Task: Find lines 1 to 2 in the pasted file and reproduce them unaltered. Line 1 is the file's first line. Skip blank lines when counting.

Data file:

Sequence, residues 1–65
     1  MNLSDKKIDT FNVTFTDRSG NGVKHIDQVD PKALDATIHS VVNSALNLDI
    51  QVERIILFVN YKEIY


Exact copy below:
Sequence, residues 1–65
     1  MNLSDKKIDT FNVTFTDRSG NGVKHIDQVD PKALDATIHS VVNSALNLDI